On Thursday night, the former Browns owner Modell, who moved the team out of Cleveland in 1995, no longer stood alone as villain No. 1 among residents.
The sea change became official when the once-beloved and superstar free agent LeBron James of the Cleveland Cavaliers announced on national TV that he would be joining running mates Dwyane Wade and Chris Bosh in Miami.
Three tenors, if you will.
But the sound was not of silence in Cleveland. The note was decidedly sour in northern Ohio, and the move had been long feared and dreaded by Cavaliers fans for the last two years.
Sour quickly turned fire-breathing, and leading the charge was Cavaliers owner Dan Gilbert, who torched James in an angry open letter to the team’s fans:
“You simply don’t deserve this kind of cowardly betrayal. You have given so much and deserve so much more. In the meantime, I want to make one statement to you tonight:
“I PERSONALLY GUARANTEE THAT THE CLEVELAND CAVALIERS WILL WIN AN NBA CHAMPIONSHIP BEFORE THE SELF-TITLED FORMER ‘KING’ WINS ONE.”
Gilbert went on to call the move a “shocking act of disloyalty.” The words “heartless,” “callous” and “narcissistic” also found space in the release, and Gilbert vowed James would be taking “the curse” with him to Miami.
The heat-seeking words came hours after the televised announcement, in which near the end of the program an uncomfortable James was shown footage of his jersey being burned in Cleveland.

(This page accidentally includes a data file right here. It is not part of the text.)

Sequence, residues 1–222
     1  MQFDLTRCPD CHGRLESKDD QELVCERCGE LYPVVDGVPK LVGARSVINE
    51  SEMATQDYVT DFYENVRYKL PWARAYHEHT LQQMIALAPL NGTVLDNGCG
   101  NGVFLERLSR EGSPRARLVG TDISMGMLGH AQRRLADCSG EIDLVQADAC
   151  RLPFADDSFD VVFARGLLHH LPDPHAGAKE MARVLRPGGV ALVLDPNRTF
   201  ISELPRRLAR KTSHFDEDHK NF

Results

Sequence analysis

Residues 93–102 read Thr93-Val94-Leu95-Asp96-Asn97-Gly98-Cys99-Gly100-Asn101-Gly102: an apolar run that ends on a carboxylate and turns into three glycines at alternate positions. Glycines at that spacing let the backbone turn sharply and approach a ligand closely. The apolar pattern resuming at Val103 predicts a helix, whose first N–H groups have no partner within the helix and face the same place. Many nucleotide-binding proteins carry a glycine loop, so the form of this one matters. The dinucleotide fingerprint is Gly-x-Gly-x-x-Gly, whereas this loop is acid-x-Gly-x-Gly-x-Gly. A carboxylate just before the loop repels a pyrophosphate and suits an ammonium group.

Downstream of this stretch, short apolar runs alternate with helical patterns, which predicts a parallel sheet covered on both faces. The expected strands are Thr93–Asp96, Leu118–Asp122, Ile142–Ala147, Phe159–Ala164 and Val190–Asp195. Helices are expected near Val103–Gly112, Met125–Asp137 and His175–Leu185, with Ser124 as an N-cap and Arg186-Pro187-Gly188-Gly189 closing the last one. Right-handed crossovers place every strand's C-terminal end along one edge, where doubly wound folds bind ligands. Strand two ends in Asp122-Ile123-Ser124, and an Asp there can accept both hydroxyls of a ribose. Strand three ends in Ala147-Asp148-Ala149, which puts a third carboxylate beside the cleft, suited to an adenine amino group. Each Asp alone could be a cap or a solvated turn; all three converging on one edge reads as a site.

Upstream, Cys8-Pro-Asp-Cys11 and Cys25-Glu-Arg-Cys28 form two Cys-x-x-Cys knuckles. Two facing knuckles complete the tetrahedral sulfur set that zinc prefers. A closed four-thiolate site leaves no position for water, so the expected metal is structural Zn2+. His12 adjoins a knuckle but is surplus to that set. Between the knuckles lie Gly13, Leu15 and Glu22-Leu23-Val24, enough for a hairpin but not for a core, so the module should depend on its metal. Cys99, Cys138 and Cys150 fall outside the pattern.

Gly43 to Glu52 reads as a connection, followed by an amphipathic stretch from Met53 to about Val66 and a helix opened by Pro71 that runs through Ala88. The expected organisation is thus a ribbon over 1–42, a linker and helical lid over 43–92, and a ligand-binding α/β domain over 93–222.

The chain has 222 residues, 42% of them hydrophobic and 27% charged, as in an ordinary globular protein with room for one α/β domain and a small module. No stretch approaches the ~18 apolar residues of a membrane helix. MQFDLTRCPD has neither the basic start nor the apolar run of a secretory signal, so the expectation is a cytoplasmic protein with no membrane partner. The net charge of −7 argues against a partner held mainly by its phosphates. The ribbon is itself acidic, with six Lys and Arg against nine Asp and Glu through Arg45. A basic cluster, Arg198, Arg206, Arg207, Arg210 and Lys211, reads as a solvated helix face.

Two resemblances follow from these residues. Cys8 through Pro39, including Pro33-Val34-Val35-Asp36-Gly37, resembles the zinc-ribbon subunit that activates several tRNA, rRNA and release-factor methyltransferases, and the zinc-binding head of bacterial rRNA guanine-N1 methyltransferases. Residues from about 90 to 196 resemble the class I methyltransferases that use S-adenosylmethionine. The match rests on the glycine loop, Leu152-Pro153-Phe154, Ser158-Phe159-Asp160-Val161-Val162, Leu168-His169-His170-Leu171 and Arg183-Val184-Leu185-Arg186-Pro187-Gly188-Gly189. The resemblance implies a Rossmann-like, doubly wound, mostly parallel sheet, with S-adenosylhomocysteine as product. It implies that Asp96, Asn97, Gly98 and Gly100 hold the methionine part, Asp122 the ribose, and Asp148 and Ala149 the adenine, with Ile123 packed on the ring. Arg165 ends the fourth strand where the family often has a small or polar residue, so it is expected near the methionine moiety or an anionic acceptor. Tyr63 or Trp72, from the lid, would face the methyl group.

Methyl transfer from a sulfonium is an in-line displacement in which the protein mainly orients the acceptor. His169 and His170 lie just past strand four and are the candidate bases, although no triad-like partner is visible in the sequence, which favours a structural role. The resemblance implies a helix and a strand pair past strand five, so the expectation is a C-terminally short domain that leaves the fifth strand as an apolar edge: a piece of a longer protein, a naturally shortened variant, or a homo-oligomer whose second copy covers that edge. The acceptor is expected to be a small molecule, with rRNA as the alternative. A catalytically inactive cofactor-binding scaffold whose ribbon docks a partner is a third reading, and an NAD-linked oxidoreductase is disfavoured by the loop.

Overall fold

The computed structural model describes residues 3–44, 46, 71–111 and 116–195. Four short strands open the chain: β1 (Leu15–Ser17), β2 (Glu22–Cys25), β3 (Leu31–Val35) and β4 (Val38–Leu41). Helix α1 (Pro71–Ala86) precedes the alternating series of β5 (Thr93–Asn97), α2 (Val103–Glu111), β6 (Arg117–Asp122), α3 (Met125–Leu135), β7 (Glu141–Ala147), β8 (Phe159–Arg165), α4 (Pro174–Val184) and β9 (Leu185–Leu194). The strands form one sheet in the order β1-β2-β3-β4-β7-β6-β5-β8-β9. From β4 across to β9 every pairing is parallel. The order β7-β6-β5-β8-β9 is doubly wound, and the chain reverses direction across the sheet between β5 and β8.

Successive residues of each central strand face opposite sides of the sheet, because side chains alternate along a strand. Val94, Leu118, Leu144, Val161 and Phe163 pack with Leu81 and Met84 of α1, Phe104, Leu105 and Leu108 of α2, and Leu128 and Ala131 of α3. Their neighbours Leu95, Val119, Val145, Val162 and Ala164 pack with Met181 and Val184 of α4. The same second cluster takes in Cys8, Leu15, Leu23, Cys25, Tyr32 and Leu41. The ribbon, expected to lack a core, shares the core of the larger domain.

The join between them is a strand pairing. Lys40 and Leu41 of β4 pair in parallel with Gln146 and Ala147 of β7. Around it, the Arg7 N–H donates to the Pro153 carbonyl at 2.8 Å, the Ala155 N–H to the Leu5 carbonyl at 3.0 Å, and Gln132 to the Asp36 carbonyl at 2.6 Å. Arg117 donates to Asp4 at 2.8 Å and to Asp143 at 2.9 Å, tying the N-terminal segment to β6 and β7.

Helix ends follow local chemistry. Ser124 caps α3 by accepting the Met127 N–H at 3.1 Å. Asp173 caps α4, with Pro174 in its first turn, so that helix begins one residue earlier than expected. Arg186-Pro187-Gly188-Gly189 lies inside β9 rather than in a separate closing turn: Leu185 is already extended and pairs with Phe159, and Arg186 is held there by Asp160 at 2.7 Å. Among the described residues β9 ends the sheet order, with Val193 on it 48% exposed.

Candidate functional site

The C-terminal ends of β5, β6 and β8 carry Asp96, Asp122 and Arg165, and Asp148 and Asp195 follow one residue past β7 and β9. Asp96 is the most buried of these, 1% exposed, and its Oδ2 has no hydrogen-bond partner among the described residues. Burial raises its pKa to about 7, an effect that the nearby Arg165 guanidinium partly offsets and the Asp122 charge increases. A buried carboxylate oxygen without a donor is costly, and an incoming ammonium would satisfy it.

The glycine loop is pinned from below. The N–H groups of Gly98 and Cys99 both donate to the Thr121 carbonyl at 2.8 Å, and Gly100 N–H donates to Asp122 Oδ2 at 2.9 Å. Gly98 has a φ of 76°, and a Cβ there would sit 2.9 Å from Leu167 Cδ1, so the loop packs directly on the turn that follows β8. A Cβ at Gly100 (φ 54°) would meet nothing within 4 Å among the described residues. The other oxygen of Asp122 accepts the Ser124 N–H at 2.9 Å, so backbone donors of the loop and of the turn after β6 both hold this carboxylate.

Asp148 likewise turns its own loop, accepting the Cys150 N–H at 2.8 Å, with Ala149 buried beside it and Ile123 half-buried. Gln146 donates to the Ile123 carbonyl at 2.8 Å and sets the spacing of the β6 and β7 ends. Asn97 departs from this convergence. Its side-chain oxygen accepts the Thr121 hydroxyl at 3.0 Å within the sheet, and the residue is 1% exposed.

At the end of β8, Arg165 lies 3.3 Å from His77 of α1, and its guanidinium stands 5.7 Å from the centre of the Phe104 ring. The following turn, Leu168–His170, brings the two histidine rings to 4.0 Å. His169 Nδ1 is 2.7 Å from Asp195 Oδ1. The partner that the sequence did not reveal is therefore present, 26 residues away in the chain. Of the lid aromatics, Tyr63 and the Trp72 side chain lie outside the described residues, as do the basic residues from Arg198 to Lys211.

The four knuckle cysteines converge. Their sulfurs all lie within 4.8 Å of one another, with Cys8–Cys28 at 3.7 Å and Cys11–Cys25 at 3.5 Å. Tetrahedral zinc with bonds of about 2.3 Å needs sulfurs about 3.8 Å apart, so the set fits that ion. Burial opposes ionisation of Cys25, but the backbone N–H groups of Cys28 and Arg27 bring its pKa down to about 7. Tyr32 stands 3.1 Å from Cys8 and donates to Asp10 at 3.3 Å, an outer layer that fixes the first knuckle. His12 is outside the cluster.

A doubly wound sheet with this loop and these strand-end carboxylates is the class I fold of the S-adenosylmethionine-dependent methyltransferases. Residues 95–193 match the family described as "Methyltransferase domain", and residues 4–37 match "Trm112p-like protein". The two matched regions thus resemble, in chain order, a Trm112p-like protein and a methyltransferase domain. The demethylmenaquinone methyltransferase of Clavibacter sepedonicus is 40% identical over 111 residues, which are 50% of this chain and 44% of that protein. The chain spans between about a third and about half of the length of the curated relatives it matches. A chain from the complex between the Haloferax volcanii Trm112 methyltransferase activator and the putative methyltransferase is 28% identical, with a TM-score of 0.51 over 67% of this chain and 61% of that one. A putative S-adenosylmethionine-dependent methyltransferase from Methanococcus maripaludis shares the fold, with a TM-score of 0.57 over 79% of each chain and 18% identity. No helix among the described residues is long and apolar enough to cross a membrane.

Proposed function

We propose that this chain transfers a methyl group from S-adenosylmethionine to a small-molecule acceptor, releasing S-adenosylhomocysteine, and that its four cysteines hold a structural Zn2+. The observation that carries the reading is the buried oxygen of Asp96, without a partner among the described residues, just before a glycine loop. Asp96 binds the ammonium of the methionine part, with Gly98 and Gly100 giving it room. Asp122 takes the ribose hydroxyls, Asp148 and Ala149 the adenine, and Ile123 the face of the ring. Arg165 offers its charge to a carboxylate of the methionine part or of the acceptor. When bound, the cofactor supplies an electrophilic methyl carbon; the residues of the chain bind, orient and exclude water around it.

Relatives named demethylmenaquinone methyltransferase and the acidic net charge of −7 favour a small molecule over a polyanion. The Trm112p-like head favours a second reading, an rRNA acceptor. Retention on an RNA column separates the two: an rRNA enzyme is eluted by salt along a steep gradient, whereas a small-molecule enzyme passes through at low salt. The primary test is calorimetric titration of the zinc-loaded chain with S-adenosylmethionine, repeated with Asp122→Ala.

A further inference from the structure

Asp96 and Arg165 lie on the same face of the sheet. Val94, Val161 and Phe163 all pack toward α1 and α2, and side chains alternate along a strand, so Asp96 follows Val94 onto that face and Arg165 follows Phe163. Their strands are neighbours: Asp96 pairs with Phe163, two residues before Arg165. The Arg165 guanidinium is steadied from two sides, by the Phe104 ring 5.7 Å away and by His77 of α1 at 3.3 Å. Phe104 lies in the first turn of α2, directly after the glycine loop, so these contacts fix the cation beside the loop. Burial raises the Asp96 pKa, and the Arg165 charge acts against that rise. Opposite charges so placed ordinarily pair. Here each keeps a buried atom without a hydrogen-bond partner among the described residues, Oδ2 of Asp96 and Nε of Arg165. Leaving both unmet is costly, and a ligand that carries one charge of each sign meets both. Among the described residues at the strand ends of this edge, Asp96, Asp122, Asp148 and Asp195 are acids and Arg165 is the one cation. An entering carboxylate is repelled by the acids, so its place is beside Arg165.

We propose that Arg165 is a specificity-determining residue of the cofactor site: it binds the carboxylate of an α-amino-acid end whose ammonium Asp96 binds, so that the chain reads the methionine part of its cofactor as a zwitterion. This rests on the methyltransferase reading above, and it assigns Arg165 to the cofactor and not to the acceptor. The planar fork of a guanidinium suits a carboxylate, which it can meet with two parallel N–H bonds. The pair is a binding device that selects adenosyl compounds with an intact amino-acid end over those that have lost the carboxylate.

This much-hyped, one-hour prime-time special on ESPN was called “The Decision” and culminated a particularly frenzied mood of speculative guesswork that kicked into high gear in recent days.
Last week representatives of six teams went to Cleveland for meetings with James and his management team. In addition to the winner, the Heat, and the only team James has ever played for in the NBA, the Cavaliers, the other franchises invited were the Chicago Bulls, the New Jersey Nets, the New York Knicks and the Clippers.
James’ announcement came almost half an hour into the show, and the hint that he would be leaving was when reporter Jim Gray asked why he made the decision.
“I think the major reason in my decision was the best opportunity for me to win now and to win into the future also,” said James, adding that he had no doubts about the move.
Newly minted Cavaliers Coach Byron Scott took his summer league team through a two-hour practice and then watched the announcement on TV in his office.
“Life goes on,” Scott said in a telephone interview. “You’ve got to go with what you’ve got. We knew it could happen. When I took the job, I knew it was a possibility he couldn’t be here. I wish he was. I know our journey is still to win a championship. I wish him all the best.
“Now I’m just looking at how we can get better.”
James said he made the final decision Thursday morning, saying: “I had a great conversation with my mom; once I had that conversation with her I was set.”
The superstar sounded as though he was genuinely conflicted, and Gray asked about the thought process and when was the very last time James changed his mind.
“Last time I changed my mind was probably in my dreams,” James said, smiling.
Times staff writer Broderick Turner contributed to this report.